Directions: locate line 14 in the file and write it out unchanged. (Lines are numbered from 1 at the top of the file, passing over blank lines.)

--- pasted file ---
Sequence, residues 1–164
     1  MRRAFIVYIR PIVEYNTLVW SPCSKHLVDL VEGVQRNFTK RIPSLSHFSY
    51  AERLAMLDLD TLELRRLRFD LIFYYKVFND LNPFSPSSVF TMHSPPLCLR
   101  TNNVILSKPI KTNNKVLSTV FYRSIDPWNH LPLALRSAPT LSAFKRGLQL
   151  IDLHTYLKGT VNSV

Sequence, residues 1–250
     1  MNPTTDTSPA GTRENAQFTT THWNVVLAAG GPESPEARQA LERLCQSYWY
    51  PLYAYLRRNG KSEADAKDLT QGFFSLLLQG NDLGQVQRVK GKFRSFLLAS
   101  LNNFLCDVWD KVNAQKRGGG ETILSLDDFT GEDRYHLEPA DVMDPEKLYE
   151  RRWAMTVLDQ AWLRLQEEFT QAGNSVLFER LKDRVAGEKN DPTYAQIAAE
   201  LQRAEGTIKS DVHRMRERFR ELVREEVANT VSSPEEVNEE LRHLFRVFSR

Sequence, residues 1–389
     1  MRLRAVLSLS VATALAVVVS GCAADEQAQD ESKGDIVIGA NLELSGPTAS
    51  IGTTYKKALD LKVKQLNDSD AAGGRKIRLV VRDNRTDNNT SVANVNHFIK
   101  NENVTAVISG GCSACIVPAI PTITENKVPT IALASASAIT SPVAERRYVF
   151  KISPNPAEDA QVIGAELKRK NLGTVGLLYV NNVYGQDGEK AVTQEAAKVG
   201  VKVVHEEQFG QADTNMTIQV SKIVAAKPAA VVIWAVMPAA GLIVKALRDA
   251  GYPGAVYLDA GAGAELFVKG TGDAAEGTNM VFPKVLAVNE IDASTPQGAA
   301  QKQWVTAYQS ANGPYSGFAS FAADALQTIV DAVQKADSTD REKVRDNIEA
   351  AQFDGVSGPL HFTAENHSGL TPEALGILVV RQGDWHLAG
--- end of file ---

    51  IGTTYKKALD LKVKQLNDSD AAGGRKIRLV VRDNRTDNNT SVANVNHFIK